Unless your Mac OS X 10.6 build is set to use the 64-bit kernel already, when upgrading to Mac OS X 10.7 you will find huge performance gains in CPU intensive tasks like code compilation. When building ImageMagick with GCC 4.2.1 from Xcode (and this test profile using the number of make jobs set to twice the number of available CPU threads), for example, the timesavings was huge. The 32-bit 10.6.0 SMP kernel was slower than the single-threaded 11.0.0 kernel that is using the 64-bit build by default. Once Apple releases the finished Mac OS X 10.7 with a working 64-bit SMP kernel, the performance improvements will be even greater.
In a single-threaded benchmark like BYTE, the Dhrystone 2 performance was much greater, of course, thanks to the default x86_64 kernel.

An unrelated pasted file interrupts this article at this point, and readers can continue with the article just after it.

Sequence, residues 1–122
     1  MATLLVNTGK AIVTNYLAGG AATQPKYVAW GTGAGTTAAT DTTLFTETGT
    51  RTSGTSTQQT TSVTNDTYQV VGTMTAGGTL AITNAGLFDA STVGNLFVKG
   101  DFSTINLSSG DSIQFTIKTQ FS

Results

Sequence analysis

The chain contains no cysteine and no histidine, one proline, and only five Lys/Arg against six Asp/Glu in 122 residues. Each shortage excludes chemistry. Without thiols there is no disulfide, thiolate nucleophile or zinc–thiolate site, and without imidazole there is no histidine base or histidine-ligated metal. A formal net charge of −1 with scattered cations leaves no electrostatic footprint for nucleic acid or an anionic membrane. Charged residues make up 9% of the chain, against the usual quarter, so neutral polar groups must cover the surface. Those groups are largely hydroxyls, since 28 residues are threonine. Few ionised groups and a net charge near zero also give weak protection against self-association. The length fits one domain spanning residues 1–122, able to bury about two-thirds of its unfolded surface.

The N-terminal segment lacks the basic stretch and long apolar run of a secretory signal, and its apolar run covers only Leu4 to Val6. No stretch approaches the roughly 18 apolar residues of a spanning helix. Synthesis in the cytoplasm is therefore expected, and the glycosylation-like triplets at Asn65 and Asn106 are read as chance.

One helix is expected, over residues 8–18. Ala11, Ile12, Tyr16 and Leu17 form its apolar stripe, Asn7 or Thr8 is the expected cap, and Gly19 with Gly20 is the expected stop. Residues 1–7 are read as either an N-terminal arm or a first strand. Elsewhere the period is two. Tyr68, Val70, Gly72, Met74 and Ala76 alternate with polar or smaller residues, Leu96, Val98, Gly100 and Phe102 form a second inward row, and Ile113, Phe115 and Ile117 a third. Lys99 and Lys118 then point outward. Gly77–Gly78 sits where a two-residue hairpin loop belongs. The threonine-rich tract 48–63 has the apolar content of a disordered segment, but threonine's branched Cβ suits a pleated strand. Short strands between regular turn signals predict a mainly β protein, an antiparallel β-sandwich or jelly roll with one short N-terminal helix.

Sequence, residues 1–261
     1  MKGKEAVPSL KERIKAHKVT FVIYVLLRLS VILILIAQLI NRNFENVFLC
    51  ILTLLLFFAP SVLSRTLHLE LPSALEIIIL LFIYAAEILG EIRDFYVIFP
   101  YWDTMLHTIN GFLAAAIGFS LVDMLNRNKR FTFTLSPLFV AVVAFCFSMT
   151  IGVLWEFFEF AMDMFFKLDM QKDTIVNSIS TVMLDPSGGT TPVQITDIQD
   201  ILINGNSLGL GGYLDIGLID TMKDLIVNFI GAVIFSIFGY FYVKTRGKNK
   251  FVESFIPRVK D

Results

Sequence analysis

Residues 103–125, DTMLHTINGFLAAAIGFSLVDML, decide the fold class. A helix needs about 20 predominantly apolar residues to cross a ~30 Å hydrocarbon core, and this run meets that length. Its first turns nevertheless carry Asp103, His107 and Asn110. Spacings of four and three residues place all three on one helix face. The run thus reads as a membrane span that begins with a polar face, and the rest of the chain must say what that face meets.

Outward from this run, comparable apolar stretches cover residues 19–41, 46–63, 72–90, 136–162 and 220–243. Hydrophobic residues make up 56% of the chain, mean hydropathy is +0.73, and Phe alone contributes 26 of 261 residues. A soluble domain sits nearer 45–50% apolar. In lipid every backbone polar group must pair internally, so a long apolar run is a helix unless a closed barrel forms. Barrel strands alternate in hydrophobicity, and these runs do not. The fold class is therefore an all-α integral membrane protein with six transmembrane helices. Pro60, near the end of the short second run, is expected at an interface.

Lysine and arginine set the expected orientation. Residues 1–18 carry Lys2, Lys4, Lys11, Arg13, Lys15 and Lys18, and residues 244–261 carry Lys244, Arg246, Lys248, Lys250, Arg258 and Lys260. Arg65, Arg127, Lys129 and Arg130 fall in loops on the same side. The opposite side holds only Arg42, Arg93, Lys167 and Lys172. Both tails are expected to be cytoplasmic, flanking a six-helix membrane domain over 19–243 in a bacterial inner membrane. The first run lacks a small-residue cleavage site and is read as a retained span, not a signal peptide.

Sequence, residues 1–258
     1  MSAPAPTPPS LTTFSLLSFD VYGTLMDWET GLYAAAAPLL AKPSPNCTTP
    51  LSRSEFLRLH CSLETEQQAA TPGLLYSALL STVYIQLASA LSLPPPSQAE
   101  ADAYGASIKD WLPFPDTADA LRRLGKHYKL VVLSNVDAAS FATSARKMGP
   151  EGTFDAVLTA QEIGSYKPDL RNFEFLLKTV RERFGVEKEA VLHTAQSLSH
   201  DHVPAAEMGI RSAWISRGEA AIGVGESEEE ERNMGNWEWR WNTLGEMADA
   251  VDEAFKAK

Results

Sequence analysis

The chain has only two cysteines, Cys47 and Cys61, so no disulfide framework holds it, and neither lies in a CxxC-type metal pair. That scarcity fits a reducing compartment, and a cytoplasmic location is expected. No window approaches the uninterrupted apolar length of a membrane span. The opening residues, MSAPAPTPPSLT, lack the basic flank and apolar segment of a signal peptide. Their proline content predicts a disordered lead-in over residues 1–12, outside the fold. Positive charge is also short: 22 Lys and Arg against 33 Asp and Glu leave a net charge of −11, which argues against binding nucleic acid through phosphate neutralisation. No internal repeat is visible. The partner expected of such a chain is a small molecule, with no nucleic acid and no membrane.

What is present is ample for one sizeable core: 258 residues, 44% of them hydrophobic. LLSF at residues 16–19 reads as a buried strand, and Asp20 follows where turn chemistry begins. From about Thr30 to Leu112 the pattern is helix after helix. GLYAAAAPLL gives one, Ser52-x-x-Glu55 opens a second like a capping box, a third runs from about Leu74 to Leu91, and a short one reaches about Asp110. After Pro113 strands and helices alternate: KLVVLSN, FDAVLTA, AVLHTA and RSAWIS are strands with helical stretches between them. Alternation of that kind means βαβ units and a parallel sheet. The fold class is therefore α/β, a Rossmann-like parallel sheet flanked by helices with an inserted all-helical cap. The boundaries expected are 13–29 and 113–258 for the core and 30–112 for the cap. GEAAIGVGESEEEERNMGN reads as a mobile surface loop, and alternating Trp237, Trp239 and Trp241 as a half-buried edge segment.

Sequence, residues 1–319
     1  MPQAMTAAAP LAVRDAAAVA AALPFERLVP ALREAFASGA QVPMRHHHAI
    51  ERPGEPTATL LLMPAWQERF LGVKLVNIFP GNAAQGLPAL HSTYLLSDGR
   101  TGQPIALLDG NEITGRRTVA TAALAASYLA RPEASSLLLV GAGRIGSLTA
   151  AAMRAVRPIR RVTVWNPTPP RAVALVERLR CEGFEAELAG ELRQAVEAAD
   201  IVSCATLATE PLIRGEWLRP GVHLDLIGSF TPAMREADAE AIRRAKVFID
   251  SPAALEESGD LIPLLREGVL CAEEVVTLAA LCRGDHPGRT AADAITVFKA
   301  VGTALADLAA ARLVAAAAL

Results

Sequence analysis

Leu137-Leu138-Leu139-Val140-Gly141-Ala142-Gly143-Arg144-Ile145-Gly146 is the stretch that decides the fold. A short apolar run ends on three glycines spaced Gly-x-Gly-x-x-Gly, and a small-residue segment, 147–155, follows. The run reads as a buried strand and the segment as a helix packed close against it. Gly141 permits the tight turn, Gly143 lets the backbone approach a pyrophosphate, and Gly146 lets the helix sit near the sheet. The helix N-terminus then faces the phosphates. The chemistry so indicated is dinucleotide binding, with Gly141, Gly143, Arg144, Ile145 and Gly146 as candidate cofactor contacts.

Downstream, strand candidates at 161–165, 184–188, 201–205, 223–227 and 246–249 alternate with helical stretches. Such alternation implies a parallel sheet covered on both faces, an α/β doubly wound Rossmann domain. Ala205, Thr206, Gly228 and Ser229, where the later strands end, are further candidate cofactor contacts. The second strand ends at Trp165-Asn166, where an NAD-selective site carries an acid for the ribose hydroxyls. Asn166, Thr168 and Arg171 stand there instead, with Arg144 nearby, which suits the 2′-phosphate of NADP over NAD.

When Mac OS X 10.7 is officially released, we will also run benchmarks of Mac OS X 10.6 from the 32-bit default kernel configuration and then again, when manually switching to the 64-bit kernel so that there can be a direct 64-bit 10.6 vs. 10.7 comparison. However, even right now with the architecture and threading differences, the results are looking very favorable for Mac OS X 10.7. C-Ray is one of our favorite multi-threaded ray-tracing benchmarks and even right now with the current Lion limitations, its numbers are looking quite favorable.